He really is a good father. I cried last night watching the scene where they tell Bobby and Sally about the divorce - Sally asks her mother, "Did you make him leave?" and I want to scream YES OF COURSE THIS IS ALL HER FAULT. Because it is so heartbreaking to see Don, in the days after The Shoebox Conversation, look at Betty like she really knows him and loves him - and all the while she's plotting her escape route. You can see that he's relieved that he doesn't have to hide himself any more - and he's shocked when she rejects him. Don's ultimate motivation is to be loved for who he really is, whatever his name or his past. Betty holds that hope up to the sun and then crushes it underfoot.

This is because Betty is a horrible succubus. Every time I think i'm starting to feel sorry for her - as she goes through the birthing scene in The Fog, for example - she turns around and does something awful - naming her child after her father who died like, three weeks ago and whom her husband hated, for example. Betty, as has been noted many times before, is a child. Everything about her is childish and ultimately selfish. She is, like her "friend" Sara Beth says, "a horrible woman". And she is just a terrible fucking mother. Like, the worst mother ever. That, ultimately, is why Don ends up on higher moral ground then she does - her reaction to Sally regarding Gene Sr.'s death makes me want to slap her face. And yes, I know that things were tough for women and housewives in the 60's - but even my grandma, who could be a bitter and often difficult mother, did better than Betty. Though she occasionally does something right, it's never enough to push her character into gray ambiguity. Sorry, Betty Draper Francis, but if we're looking at black and white and are definitely in the black.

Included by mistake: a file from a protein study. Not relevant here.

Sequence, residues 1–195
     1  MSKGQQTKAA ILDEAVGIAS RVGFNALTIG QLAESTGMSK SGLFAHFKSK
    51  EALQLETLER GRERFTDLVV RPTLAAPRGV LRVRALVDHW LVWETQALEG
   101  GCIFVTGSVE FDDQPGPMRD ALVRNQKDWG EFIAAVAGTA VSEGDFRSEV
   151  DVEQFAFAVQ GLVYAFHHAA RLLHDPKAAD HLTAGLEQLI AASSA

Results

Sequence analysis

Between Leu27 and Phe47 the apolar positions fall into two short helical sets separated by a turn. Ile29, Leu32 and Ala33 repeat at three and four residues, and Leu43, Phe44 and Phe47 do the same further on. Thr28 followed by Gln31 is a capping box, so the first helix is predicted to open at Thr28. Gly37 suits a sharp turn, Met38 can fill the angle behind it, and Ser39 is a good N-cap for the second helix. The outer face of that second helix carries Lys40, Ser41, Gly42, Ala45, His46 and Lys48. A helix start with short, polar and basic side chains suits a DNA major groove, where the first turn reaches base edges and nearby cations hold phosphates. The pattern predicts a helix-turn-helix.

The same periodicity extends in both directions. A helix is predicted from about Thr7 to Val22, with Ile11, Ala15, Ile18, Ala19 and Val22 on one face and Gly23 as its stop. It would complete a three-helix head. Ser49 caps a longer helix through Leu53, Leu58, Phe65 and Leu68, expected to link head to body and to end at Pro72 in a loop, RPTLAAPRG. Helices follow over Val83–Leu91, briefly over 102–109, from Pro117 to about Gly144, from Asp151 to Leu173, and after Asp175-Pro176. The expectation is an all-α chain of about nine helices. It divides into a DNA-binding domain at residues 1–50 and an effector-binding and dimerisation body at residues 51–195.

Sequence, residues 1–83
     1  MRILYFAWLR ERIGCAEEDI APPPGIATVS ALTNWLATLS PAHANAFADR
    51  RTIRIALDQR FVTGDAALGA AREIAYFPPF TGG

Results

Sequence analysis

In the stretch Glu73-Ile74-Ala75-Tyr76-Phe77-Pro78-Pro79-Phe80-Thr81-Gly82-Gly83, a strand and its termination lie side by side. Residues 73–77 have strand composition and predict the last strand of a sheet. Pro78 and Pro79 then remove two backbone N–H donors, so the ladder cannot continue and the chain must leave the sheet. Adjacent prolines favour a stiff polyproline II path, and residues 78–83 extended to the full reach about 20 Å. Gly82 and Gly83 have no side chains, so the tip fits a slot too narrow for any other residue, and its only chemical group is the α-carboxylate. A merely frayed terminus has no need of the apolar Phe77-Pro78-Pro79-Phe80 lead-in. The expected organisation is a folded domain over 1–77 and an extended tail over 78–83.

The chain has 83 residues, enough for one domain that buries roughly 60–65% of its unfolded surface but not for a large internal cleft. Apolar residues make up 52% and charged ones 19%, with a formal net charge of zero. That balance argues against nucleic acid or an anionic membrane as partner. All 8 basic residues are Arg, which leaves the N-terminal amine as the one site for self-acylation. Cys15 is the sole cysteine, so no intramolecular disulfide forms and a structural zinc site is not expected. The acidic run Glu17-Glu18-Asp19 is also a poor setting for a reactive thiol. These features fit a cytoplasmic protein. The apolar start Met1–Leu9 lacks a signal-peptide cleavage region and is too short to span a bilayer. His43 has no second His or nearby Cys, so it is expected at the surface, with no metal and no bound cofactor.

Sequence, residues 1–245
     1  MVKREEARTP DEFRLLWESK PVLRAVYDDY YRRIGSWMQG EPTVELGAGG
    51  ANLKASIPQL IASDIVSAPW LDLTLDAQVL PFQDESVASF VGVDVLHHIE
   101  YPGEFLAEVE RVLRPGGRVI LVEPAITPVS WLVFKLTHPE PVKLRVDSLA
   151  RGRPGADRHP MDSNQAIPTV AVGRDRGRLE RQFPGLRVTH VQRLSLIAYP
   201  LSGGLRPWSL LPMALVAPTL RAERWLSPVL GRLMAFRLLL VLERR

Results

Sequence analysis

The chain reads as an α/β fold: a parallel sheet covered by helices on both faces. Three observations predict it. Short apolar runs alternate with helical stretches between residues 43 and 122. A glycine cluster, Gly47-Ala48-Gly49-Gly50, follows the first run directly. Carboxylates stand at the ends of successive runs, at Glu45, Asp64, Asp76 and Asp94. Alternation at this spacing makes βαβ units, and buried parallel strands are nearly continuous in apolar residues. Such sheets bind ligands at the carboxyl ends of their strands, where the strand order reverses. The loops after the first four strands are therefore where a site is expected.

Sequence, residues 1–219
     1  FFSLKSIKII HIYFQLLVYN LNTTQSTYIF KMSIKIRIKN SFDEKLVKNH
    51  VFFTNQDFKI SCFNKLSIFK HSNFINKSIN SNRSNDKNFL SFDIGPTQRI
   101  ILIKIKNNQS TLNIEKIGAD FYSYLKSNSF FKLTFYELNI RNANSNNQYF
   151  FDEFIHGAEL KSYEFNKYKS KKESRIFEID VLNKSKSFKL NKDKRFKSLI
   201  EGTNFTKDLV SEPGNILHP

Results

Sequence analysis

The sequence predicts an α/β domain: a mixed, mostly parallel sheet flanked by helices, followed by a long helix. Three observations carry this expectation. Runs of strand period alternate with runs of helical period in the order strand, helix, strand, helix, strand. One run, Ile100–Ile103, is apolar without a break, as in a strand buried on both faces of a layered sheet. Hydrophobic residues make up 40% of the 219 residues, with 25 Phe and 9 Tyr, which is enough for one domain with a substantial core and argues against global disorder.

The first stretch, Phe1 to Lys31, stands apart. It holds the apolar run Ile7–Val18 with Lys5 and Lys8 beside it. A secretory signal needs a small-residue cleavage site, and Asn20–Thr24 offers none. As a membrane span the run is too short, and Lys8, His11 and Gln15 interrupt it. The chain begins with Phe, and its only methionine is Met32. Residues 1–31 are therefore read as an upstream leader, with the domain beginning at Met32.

See? There are reasons to tune in besides all the pretty clothes and places and people. Mad Men (through the writing, acting, and directing) gives the audience complex and intimate moments with its characters and trusts us to makes the connections ourselves. I feel like television often assumes its viewer is stupid and needs gentle hand-holding through the story - Mad Men knows that the opposite is true.